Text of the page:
Blank knew that expanding business across multiple states meant the structure of the management team would have to change. “One of the big things we had to do was regionalize,” says Blank. “So we could no longer have one finance team, for example, or one legal resource, because legal issues, and even the reporting issues, are dramatically different in each state. You would drive people crazy.”
For instance, because individual states have specific regulations and requirements, some individuals who once had responsibility for one function had their focus narrowed to a more specialized area of that function. Blank says that created some discomfort, because it was perceived by some as a reduction in their responsibilities.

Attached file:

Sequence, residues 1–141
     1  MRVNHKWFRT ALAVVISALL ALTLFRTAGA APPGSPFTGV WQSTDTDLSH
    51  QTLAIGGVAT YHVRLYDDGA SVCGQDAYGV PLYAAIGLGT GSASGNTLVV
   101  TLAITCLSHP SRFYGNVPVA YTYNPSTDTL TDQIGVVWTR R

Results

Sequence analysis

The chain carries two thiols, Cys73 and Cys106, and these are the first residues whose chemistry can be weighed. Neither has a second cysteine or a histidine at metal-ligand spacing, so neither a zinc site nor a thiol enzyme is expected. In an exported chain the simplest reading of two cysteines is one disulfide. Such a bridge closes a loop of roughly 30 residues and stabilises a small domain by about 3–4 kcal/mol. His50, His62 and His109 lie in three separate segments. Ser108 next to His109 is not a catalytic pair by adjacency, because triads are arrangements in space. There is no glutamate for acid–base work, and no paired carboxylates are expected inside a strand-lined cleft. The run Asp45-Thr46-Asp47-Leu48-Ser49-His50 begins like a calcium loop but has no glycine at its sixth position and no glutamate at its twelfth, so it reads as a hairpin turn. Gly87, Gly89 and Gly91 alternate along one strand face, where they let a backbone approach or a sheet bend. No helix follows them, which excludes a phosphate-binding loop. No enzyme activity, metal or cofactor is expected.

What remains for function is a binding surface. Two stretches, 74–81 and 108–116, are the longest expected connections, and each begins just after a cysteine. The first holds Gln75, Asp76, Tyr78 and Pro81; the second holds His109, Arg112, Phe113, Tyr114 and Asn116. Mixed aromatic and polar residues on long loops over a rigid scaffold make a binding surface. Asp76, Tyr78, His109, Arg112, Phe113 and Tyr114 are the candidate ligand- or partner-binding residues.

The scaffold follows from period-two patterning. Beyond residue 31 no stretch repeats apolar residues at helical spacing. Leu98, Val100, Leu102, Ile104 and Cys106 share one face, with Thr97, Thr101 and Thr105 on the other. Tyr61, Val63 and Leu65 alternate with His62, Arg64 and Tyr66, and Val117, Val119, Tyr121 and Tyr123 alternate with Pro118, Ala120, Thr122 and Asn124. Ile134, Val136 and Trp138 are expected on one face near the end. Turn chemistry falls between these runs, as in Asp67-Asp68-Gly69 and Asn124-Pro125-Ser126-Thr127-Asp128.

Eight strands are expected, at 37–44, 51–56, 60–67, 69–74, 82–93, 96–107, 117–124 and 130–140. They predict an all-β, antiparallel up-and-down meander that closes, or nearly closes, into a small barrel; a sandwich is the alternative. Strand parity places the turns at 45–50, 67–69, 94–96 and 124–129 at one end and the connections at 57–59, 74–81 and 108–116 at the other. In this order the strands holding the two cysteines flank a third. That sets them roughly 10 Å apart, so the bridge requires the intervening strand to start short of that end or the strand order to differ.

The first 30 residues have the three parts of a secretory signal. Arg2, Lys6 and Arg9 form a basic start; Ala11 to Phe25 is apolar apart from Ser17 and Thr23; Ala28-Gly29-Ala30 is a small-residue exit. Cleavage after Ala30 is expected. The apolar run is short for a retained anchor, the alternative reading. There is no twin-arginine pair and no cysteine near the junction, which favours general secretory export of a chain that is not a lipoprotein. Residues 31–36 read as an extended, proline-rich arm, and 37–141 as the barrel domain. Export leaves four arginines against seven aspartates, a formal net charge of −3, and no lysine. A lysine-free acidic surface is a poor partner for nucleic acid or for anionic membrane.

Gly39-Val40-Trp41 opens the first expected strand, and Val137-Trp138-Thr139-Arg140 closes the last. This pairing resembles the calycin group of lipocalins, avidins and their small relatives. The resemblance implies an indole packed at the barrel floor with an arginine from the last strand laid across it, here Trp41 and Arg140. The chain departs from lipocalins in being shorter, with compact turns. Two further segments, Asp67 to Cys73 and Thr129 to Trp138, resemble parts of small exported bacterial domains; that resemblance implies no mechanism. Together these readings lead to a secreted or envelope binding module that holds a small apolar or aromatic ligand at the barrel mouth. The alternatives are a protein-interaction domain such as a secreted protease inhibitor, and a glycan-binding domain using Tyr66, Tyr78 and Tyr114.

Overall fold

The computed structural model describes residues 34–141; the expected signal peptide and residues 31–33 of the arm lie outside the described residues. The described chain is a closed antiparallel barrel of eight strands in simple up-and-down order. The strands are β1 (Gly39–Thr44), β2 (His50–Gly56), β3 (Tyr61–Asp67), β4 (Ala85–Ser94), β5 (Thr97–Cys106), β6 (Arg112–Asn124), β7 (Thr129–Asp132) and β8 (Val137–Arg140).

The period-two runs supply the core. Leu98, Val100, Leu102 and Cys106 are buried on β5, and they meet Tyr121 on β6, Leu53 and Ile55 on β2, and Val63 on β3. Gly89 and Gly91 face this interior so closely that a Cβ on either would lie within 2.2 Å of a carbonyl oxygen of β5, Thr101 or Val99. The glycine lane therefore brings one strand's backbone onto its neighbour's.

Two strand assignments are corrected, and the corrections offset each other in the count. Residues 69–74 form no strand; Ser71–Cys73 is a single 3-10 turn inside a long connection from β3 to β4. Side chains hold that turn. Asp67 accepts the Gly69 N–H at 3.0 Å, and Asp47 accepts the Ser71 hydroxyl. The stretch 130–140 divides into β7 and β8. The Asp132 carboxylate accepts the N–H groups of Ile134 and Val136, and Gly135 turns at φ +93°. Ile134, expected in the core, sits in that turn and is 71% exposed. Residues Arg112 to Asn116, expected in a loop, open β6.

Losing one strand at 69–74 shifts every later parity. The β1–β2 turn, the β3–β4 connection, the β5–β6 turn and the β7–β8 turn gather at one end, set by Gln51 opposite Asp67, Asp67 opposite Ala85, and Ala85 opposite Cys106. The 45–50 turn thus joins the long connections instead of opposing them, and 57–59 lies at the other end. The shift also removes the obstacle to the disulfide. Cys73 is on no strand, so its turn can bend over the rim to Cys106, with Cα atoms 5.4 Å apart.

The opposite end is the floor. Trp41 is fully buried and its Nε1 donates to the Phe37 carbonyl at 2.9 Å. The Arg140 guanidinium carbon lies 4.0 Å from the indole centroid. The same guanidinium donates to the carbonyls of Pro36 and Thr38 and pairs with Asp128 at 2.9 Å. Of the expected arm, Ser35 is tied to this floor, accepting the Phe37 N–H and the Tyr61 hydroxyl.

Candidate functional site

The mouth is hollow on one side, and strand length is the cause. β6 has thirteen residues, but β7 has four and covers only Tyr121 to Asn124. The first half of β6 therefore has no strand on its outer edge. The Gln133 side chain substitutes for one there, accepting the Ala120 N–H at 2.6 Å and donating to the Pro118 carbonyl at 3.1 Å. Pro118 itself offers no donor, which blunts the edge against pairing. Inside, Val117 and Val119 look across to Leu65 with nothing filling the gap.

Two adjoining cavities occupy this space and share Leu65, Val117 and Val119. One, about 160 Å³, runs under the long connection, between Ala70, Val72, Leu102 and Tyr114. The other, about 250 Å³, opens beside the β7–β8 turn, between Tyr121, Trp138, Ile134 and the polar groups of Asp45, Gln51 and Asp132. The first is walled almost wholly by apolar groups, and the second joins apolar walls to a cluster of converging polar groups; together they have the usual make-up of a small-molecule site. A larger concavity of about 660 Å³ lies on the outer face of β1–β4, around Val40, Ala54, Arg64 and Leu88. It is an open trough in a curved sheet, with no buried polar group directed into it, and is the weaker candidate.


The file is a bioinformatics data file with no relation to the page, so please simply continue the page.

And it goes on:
To allay those concerns, Blank redefined the nature of each team member’s responsibilities. “When you move to that segmentation, there’s a sense of, ‘I don’t have as big a job as I used to have’ ... and I think that was both good news and bad news for people,” says Blank. “It took less explaining and more reassurance that this is not a reflection on you, it’s just a reflection of how the company has grown, and that’s the good news. We’ve got to get a new model because the old model doesn’t work. “We were clear that the complexity brought about by growth would require specialization. In that regard, we talked about responsibility getting narrower and deeper.”